Tragedy in cinema is a large genre (Forrest Gump, Marriage Story, Steel Magnolias, etc.) but why are we drawn to movies that make us cry? Is there a similarity to listening to sad music? Maybe a big, cathartic cry is just what’s needed to make it through a tough week. But does tragedy in cinema help us to express our emotions or make us feel worse?
Discuss how tragedy relates to the ideas of romanticism, and why these themes are still prevalent in today’s blockbusters.
Traditionally, the intention of tragedy has always been to cause catharsis (pleasure through pain) to the audience. But it has been discussed that many other genres or artistic forms can also produce or invoke catharsis. In the end, it is all a matter of personal or cultural preference. If it is true that some people are attracted to tragic stories, it is also true that many people actively avoid any form of tearjerker, too. – T. Palomino3 months ago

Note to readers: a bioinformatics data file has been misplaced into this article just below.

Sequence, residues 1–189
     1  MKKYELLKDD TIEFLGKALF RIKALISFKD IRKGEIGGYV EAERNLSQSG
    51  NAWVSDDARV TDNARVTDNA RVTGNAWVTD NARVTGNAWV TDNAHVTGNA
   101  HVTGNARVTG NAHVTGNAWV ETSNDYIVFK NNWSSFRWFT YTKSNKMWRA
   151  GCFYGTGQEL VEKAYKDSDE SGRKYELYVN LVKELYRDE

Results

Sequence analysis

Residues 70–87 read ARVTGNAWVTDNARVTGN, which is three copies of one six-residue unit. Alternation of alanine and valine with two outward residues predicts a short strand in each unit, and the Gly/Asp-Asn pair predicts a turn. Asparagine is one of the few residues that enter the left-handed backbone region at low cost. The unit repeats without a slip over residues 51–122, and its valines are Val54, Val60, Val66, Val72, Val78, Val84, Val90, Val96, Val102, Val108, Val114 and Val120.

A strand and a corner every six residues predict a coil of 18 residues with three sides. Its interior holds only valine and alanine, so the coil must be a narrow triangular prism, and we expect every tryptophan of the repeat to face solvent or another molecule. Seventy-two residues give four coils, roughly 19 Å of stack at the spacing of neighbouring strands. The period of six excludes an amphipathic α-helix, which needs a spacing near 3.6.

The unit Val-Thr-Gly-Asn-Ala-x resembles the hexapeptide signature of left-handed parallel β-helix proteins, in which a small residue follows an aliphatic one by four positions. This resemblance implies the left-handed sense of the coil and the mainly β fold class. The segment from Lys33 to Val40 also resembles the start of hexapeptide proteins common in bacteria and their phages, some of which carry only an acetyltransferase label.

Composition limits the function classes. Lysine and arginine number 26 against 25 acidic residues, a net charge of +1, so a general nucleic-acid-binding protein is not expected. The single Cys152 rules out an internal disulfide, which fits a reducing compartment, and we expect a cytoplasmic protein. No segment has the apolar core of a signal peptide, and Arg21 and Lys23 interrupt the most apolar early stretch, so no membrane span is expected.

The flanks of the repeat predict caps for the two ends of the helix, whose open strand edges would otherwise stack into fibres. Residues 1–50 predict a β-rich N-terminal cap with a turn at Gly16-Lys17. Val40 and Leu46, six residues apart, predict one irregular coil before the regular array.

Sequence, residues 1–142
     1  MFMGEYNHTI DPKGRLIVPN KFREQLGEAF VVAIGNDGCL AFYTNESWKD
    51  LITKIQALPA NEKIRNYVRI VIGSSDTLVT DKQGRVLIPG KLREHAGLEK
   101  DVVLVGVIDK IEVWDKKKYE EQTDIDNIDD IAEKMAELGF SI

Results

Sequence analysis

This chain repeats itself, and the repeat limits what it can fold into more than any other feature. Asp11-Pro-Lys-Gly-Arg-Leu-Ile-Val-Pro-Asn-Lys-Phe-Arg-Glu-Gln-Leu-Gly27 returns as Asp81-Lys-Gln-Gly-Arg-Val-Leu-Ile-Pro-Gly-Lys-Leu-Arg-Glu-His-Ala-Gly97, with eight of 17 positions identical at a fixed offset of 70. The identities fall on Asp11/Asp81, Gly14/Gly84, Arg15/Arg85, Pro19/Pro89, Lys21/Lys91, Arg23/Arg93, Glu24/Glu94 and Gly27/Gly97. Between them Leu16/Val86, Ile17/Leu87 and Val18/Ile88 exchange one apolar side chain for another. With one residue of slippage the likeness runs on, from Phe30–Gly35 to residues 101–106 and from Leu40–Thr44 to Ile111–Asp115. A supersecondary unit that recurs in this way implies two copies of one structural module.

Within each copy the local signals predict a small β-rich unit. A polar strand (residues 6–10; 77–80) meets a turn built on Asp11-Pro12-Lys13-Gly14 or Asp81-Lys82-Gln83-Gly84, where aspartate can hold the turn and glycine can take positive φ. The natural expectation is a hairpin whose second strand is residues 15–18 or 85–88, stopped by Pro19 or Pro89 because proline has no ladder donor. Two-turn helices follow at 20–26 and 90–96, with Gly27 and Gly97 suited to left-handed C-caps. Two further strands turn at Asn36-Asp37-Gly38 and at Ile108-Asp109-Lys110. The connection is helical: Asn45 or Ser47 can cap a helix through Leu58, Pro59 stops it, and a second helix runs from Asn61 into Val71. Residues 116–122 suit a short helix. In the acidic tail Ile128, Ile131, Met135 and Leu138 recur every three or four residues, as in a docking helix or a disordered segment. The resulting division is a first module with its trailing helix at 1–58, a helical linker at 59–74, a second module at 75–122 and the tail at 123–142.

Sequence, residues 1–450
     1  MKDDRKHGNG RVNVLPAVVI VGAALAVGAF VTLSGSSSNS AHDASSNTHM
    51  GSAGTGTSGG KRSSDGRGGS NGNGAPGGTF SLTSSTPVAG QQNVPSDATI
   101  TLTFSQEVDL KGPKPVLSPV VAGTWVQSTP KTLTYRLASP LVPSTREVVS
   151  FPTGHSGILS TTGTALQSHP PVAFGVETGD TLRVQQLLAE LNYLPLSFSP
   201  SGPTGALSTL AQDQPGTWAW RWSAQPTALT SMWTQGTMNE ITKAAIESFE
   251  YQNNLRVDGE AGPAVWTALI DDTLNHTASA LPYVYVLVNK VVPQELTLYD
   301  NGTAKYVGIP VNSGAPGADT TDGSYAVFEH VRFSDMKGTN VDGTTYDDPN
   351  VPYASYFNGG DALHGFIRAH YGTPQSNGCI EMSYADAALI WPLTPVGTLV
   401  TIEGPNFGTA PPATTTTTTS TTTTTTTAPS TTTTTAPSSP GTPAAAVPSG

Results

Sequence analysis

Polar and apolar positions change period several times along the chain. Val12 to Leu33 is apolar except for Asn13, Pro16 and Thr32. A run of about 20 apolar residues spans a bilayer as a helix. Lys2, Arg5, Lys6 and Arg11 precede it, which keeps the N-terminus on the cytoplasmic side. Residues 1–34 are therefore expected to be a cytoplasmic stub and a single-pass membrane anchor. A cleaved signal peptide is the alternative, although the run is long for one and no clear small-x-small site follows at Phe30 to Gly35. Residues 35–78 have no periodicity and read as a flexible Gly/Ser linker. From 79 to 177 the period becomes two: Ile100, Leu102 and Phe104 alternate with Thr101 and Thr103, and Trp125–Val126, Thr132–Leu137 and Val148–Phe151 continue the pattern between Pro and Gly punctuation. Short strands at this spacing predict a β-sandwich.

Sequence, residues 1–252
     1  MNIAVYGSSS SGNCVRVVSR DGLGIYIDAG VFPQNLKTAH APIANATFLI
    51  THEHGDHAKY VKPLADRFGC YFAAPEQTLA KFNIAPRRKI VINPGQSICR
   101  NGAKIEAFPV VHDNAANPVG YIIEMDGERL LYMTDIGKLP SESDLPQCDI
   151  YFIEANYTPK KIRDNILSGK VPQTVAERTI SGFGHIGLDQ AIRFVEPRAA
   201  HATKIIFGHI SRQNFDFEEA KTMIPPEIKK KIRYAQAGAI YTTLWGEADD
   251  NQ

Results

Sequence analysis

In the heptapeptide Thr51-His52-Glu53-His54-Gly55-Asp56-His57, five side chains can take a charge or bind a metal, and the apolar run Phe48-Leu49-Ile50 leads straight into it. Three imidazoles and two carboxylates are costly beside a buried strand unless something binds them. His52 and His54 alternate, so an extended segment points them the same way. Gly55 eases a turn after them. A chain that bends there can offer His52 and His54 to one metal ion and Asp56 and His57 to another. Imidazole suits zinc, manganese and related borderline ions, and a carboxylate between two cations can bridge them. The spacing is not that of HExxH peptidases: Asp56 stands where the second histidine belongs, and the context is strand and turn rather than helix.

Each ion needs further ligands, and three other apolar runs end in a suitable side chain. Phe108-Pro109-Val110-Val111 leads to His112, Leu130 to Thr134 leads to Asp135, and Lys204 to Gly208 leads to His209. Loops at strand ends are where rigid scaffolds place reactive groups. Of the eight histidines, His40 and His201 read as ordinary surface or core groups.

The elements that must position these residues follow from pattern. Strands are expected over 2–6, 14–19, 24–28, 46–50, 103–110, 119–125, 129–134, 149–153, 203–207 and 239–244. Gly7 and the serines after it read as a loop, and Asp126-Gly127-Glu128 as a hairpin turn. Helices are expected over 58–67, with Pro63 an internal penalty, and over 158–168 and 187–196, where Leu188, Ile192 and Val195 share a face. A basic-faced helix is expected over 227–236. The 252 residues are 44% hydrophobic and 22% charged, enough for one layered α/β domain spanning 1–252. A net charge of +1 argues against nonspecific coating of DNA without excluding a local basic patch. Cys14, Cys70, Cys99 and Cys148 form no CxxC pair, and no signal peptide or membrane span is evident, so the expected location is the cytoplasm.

I think this could be examined through a lens of either upward or downward comparison: does seeing depictions of suffering more significant than ours elevate ourselves and make us feel better about our own relatively insignificant problems, or does viewing suffering as adjacent to our own validate our emotions and allow us justification to be upset? – lavenderhatchet3 months ago
Psychologically, negative events affect our brains more than positive ones. Tragic events have the potency to describes the higher amount of psychological arousal that a person experiences and is exposed to a negative or traumatic event compared with a positive event – Kammil1 day ago